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Weekly Radio Alert
  DAILY ALERT Wednesday,
June 24, 2015

In-Depth Issues:

U.S. Opposes Bringing UN Gaza Report to Security Council (State Department)
    State Department spokesperson John Kirby on Tuesday discussed the UN Human Rights Council commission of inquiry report on the 2014 Gaza war, saying:
    "We don't believe that there's a call or a need for any further Security Council work on this."
    "We reject the basis under which this particular commission of inquiry was established because of the very clear bias against Israel in it."

Senior Israeli Druze Officer: The IDF Should Not Intervene in Syria's Civil War - Noam Amir (Maariv Hashavua-Jerusalem Post)
    Brig.-Gen. (res.) Imad Fares, one of the most senior Druze figures in the IDF, said Tuesday that Israel will not, and should not, intervene in the fighting in Syria to help the country's embattled Druze community.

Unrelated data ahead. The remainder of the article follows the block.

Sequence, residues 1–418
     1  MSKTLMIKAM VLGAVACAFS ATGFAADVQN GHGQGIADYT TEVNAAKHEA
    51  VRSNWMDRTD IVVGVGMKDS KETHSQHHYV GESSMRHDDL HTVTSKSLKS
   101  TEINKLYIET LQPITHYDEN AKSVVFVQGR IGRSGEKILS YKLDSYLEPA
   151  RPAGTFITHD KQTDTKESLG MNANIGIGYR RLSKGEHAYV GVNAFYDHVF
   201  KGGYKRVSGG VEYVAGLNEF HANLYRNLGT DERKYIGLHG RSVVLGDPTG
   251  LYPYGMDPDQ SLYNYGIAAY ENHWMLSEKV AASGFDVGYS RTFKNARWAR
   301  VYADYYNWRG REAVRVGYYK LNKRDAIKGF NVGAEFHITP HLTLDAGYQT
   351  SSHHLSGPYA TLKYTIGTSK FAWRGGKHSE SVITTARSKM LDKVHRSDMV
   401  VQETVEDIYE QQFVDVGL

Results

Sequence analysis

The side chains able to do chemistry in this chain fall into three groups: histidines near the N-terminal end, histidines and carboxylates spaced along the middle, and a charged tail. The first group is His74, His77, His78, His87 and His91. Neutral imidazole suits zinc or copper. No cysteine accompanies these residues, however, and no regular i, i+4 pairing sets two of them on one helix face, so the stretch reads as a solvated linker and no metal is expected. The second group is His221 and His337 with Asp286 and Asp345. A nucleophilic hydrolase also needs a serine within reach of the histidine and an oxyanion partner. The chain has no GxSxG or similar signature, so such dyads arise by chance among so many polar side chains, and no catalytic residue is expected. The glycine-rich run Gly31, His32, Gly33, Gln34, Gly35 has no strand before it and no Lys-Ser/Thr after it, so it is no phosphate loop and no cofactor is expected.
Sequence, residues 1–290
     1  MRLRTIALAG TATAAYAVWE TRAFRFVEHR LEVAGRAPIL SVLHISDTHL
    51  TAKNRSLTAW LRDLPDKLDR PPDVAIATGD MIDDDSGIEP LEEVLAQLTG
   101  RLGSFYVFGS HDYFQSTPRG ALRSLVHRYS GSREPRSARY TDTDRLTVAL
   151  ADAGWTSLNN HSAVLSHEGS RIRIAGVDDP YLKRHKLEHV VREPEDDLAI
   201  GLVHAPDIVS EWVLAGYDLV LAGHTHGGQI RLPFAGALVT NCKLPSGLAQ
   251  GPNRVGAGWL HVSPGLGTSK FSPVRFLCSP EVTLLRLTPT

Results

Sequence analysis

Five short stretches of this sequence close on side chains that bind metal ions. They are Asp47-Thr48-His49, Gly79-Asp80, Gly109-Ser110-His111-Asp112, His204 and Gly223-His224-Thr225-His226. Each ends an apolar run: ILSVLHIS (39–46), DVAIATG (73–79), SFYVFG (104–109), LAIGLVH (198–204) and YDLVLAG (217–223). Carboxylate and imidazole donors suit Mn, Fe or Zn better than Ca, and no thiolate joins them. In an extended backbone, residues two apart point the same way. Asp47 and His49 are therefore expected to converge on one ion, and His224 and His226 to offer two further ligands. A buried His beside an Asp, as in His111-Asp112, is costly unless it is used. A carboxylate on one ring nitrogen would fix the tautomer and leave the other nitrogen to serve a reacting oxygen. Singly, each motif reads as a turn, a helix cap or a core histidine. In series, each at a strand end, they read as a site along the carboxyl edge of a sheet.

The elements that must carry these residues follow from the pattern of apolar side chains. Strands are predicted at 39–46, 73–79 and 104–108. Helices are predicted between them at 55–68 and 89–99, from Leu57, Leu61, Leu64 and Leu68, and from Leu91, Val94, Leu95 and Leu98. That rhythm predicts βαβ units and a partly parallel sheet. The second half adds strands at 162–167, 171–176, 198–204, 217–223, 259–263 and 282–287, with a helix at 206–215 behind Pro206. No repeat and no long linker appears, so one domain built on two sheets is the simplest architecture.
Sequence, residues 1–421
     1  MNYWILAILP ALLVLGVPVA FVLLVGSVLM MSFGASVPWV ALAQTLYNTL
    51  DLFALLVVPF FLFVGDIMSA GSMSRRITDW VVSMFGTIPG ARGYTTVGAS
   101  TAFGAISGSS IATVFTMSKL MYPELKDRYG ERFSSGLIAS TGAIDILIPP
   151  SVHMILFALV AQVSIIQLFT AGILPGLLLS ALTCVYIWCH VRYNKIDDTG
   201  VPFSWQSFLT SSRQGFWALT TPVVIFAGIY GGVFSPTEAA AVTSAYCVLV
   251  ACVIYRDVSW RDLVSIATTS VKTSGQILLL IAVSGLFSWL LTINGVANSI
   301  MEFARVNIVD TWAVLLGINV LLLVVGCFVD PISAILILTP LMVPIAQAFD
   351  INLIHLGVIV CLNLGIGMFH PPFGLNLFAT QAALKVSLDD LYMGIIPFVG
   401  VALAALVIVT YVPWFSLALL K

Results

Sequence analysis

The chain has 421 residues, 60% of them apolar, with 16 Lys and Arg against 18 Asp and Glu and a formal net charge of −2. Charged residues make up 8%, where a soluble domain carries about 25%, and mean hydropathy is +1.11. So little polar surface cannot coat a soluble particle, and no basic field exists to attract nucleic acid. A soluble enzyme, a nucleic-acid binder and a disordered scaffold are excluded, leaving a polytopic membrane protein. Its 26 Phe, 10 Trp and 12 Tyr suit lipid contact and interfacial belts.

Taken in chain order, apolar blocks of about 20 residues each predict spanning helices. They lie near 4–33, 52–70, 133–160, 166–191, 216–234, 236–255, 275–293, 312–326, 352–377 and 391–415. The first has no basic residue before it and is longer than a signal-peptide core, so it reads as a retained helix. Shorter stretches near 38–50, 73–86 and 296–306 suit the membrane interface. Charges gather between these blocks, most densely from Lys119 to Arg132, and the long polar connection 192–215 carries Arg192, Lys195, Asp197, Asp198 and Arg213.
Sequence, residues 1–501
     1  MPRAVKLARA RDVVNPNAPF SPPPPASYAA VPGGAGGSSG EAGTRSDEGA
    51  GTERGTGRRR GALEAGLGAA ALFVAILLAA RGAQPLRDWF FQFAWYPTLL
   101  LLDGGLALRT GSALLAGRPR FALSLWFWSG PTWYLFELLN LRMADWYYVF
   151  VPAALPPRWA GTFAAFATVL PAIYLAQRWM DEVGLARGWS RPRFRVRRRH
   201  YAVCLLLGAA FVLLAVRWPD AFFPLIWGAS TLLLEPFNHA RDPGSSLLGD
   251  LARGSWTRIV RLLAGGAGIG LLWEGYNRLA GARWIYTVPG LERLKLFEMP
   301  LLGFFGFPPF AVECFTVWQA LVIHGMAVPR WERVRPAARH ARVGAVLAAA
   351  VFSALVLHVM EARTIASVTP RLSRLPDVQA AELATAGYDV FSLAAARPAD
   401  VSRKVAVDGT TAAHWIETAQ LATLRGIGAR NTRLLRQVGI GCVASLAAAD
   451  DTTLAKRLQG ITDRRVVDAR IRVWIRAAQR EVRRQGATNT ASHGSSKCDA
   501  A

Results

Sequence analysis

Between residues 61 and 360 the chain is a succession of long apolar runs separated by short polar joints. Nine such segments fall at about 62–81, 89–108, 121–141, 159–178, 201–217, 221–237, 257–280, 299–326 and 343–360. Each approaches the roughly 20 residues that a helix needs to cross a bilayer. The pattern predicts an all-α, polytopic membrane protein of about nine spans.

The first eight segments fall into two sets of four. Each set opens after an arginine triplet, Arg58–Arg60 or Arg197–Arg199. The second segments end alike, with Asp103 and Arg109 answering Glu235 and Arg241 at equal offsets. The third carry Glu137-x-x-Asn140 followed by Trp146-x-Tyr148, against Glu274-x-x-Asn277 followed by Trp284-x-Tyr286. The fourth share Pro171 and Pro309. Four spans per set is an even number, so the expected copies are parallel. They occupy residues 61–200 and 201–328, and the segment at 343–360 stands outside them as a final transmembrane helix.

"Intervention with an Israeli stamp of approval is unacceptable, will not happen, and there is no mutual interest, making it useless to think about."
    "The Druze in Syria also won't want Israel to intervene on their behalf. The Syrian Druze, let's be honest, identify with the Assad regime. Their continued survival is also dependent on other alliances which won't necessarily be helped by joining with Israel."

Palestinian Who Murdered Italian Activist Escapes Gaza Prison to Join ISIS - Ariel Barbieri-Aghib (Jerusalem Post)
    Mahmoud al-Salfiti, a Palestinian convicted for involvement in the abduction and murder of Italian activist Vittorio Arrigoni in 2011, escaped recently from Gaza to Syria in order to join Islamic State while on leave from prison to visit his family for Ramadan, the Palestinian newspaper Al-Quds reported.